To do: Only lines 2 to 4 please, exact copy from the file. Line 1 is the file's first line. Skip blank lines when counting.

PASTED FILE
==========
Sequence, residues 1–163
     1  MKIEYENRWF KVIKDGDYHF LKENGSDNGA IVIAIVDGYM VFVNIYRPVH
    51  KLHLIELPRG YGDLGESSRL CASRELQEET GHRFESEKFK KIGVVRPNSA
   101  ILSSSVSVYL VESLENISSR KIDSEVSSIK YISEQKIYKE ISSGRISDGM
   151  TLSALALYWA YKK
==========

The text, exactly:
     1  MKIEYENRWF KVIKDGDYHF LKENGSDNGA IVIAIVDGYM VFVNIYRPVH
    51  KLHLIELPRG YGDLGESSRL CASRELQEET GHRFESEKFK KIGVVRPNSA
   101  ILSSSVSVYL VESLENISSR KIDSEVSSIK YISEQKIYKE ISSGRISDGM